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No court marshal or reprimand of Col. Roosevelt occurred, but the War Department did not recommend Roosevelt for a Medal of Honor in leading the charge at San Juan Hill. Col. Roosevelt, however, was posthumously awarded the Medal of Honor by President Clinton on January 16, 2001, largely due to the efforts of Dr. John A. Gable, Executive Director of the Theodore Roosevelt Association. Note, also, that Roosevelt’s eldest son, Brigadier General Theodore Roosevelt Jr., was awarded the Medal of Honor, posthumously, for his actions on June 6, 1944.  

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— August 5, 1898

 

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— Frederick Remington, Harper’s Weekly, August 27, 1898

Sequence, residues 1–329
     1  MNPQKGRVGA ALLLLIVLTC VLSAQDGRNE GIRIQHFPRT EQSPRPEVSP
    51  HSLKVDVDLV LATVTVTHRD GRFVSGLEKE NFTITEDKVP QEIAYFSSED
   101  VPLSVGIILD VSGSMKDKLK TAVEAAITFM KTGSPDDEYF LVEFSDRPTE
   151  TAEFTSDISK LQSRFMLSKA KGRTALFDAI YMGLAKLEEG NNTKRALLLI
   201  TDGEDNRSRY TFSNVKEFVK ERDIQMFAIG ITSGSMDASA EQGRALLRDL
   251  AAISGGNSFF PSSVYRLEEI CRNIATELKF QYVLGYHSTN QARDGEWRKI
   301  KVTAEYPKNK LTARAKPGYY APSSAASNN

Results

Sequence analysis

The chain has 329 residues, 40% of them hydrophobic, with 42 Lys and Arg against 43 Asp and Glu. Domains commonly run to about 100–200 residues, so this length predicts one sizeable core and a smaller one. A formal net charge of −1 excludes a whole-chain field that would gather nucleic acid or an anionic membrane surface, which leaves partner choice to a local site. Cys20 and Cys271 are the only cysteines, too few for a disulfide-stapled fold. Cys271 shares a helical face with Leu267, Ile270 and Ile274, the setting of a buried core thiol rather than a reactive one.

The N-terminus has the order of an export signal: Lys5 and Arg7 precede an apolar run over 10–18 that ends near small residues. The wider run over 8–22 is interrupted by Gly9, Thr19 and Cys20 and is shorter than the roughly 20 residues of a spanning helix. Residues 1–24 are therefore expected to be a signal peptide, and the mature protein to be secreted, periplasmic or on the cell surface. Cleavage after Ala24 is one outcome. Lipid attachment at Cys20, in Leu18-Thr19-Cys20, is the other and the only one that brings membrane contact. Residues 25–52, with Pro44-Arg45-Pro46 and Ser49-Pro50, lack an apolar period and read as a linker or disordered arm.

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The Long Island Rail Road had offered the U.S. Government 6,000 acres in Montauk for the encampment, at no charge. 4,200 acres were accepted for the camp. The LIRR had also offered to build piers on Fort Pond Bay, dig wells for water, build a railroad station — all to accommodate the 29,500 soldiers expected to begin arriving by transport & train. The Long Island Rail Road performed flawlessly throughout the encampment, transporting more than 50,000 soldiers & visitors, thousands of horses / mules, and tons of supplies.

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The General Hospital was located where Montauk Downs is today. A Detention Camp with Hospital was located where Montauk Manor is today. Soldiers, on arrival, were quarantined in the Detention Camp for four days — the healthy soldiers then moved to their regimental campsites, sick soldiers were either transferred to the General Hospital or, if conditions were severe, remained in the Detention Hospital.